I am going to play devils advocate- if one of my trainers were prescribing downright dangerous activities, I would want to be made aware. If sweet Mrs. Housewife who has never worked out before is being given straight leg dead lifts with heavy weight or a third trimester woman is being challenged to do 500 crunches on her back, I would hope that an observer would discretely approach me so that I can review training practices together with my trainer later.
If the safety of others is eating at you, it may be appropriate to speak to the head trainer or director and very delicately share your observation. It is their facility and they can decide if the information is something they wish to act on. The feedback may also be better received coming from within the facility.
But honestly- if I saw something that crazy I’d be looking around for John Quinones from the TV show What Would You Do?
Most of the time it’s best to agree to disagree with what we see.
If someone is being completely negligent then yes. Some people will take offense to you offering simple advice even if it is good for them. I find this a lot with males as opposed to females. No guy wants another guy telling him he’s wrong, its sort of a macho thing. Females on the other hand are a lot more receptive. Sometimes I just sit back and shake my head, knowing the injuries i’ve sustained while using a proper warm up, form, and cool down. Some of these people will not be around for long going the way they are going, but you live and learn.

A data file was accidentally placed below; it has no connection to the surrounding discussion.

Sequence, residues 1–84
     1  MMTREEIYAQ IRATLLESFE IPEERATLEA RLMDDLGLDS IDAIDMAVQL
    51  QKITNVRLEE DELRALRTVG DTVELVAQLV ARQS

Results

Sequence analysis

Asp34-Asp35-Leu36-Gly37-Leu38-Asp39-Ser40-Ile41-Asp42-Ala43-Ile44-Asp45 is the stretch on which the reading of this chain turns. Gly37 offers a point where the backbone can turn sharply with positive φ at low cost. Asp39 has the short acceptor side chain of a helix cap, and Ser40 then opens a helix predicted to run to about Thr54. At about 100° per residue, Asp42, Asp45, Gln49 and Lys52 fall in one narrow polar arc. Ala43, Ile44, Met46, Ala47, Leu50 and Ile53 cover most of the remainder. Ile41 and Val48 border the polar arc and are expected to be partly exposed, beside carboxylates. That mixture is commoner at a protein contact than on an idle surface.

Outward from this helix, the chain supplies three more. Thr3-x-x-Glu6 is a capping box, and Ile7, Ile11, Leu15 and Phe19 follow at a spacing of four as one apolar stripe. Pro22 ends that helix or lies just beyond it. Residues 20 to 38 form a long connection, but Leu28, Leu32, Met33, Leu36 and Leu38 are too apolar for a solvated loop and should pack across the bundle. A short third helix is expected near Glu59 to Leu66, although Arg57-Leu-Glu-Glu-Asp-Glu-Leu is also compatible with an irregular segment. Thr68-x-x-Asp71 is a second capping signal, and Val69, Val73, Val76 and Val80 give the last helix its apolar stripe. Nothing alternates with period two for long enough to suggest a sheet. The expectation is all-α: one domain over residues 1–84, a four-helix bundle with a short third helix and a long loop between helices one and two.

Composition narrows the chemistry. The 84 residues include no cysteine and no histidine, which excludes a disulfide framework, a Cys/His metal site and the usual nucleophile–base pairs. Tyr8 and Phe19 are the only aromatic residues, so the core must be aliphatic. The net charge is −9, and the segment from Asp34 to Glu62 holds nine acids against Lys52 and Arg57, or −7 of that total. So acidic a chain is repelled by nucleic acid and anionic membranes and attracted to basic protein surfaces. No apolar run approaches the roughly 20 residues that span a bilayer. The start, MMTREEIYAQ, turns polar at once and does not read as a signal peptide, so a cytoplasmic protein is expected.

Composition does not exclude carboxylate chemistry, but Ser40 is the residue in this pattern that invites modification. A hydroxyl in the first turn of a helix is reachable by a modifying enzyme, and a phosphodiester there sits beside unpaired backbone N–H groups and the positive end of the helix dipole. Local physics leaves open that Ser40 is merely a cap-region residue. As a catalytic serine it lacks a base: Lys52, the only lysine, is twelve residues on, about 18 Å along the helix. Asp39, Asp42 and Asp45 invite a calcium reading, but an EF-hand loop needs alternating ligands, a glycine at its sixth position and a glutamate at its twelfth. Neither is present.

That’s a very tricky situation.
Overall, I would not correct the form in front of the trainer or client.
Courtesy towards the other trainer goes out the window when you (the outsider) correct another trainer. Managers should do this (and it would be best if this was done in private).
Also, since you don’t work in the facility, why should the client listen to you? Did the client ask for your opinion?
As The Rock would say ‘know your role…’
I’d consider within the framework of how risky a movement appears to be. It would have to be pretty dangerous for me to say something, and I wouldn’t do it during session. I might write a tactful note to the training director, presenting the facts.
Client Y, apparent physical capability level
Exercise you found inappropriate
Why it appeared inappropriate